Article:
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Exercise in a pill. At least that's the idea. "A molecule in the blood that is produced during exercise and can effectively reduce food intake and obesity in mice" has been identified.

"Yong Xu, professor of pediatrics, nutrition, and molecular and cellular biology at Baylor University, Jonathan Long, assistant professor of pathology at Stanford Medicine and an Institute Scholar of Stanford Chemistry, Engineering & Medicine for Human Health, and their colleagues conducted comprehensive analyses of blood plasma compounds from mice following intense treadmill running. The most significantly induced molecule was a modified amino acid called Lac-Phe. It is synthesized from lactate (a byproduct of strenuous exercise that is responsible for the burning sensation in muscles) and phenylalanine (an amino acid that is one of the building blocks of proteins)."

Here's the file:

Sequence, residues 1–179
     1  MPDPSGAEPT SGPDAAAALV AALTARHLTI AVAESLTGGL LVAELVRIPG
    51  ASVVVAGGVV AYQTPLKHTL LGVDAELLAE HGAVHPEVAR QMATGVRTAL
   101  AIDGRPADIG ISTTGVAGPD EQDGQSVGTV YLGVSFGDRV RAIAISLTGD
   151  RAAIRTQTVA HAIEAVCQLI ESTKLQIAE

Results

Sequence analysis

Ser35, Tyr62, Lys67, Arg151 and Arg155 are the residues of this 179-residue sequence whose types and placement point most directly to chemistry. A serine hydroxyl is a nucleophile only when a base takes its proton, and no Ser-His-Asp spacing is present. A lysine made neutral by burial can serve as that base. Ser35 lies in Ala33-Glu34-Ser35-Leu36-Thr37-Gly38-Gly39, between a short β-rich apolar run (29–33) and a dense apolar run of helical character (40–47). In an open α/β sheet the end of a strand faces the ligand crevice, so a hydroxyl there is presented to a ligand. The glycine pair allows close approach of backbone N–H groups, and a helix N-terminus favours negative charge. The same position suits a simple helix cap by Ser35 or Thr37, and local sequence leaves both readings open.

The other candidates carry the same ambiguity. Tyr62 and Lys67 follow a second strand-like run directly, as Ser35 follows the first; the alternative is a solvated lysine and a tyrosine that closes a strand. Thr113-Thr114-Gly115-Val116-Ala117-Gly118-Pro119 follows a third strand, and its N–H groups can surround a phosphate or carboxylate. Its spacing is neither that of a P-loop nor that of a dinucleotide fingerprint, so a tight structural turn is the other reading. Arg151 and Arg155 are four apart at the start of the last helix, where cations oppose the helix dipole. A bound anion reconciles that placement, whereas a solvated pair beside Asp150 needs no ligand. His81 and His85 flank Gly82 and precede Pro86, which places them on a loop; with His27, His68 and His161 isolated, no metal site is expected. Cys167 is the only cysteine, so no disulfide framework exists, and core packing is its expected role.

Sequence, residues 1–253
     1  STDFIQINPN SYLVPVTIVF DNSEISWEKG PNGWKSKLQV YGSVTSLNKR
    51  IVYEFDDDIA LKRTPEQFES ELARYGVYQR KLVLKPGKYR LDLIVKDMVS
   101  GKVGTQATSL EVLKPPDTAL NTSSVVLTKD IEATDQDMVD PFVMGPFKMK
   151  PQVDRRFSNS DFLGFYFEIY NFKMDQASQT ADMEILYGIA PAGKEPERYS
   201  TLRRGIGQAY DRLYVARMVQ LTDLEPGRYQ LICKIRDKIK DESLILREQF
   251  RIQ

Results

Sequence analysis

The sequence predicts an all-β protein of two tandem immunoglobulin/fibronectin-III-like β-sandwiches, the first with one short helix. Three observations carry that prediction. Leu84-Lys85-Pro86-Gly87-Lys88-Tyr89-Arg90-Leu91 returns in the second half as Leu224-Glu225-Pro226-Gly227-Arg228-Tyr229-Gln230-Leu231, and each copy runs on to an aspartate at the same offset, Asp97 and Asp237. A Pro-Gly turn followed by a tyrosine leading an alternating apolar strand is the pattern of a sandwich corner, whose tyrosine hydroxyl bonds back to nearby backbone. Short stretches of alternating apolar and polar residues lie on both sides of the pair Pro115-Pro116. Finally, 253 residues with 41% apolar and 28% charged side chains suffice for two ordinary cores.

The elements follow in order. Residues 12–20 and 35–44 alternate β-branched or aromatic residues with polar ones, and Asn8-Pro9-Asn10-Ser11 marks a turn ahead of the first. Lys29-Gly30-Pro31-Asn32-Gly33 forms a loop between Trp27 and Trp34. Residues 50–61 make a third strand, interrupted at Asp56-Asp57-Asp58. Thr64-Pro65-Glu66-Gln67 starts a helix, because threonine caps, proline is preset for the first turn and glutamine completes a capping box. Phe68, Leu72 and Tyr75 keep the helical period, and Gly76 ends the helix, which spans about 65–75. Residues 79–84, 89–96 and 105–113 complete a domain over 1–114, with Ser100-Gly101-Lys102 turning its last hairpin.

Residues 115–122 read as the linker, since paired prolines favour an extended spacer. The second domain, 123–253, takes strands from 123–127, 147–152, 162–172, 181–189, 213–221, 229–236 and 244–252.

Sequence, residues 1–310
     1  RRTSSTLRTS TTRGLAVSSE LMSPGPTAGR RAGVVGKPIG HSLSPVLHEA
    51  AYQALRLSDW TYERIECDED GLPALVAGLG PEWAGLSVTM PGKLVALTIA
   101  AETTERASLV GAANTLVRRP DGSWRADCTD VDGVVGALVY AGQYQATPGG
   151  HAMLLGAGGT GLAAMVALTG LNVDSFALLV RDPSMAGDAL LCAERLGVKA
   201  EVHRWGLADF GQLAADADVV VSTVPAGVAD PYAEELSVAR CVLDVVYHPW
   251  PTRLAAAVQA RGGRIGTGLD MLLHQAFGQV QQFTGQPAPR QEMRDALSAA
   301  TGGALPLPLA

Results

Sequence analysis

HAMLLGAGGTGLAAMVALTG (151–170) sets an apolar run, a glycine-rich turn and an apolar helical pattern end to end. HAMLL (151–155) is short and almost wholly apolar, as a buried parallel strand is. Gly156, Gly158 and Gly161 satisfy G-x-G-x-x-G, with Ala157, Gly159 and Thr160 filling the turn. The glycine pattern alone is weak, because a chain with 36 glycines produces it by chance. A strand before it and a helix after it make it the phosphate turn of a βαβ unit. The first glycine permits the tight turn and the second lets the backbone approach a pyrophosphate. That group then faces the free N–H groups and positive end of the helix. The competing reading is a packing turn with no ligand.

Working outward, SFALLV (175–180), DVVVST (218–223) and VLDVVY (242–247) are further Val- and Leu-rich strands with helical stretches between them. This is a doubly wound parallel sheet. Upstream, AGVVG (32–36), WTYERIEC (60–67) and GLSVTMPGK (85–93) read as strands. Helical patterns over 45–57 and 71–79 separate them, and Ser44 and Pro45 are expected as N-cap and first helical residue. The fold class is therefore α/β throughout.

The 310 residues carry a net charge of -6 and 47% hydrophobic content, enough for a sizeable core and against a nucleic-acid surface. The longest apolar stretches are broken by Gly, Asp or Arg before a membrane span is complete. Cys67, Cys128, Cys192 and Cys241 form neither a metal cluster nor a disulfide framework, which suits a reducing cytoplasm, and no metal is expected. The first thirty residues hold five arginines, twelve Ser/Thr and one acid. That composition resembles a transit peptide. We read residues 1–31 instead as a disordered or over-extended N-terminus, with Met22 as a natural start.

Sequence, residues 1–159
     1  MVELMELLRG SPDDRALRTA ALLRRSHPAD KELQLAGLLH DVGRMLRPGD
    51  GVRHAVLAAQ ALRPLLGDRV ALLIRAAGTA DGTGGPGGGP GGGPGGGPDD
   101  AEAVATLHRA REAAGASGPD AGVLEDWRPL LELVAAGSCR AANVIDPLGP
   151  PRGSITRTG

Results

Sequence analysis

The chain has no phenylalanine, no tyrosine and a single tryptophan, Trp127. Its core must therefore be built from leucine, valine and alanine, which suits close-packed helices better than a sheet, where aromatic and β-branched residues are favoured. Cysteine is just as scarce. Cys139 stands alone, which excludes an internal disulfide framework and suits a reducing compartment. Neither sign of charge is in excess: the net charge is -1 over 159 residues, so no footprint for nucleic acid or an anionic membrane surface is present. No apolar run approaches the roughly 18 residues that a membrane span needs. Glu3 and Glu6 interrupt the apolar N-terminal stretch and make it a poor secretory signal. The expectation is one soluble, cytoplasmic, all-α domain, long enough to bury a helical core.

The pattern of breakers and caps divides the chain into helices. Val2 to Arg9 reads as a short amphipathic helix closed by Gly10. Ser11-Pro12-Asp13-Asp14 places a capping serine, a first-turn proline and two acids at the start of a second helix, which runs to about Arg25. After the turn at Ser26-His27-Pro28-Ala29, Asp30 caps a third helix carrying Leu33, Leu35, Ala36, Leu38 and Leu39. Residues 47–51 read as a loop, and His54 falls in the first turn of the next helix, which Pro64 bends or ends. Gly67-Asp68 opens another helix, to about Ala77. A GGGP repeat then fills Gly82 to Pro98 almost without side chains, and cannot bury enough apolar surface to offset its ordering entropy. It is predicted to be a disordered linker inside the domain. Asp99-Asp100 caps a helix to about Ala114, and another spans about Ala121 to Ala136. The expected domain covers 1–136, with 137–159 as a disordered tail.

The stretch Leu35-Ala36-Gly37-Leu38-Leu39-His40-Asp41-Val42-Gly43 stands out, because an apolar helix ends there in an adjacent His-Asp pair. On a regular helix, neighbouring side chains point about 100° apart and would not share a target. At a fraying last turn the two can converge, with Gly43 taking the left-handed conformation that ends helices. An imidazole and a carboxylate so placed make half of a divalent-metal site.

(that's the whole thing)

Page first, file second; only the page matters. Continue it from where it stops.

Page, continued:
"In mice with diet-induced obesity (fed a high-fat diet), a high dose of Lac-Phe suppressed food intake by about 50% compared to control mice over a period of 12 hours without affecting their movement or energy expenditure. When administered to the mice for 10 days, Lac-Phe reduced cumulative food intake and body weight (owing to loss of body fat) and improved glucose tolerance."

On the flip side, mice lacking an enzyme involved in making Lac-Phe called CNDP2 didn't lose weight as easily.

That's mice. The researchers also found elevated Lac-Phe in humans and racehorses.

"Data from a human exercise cohort showed that sprint exercise induced the most dramatic increase in plasma Lac-Phe, followed by resistance training and then endurance training."

The benefits of exercise in a pill? Science is closer to that goal

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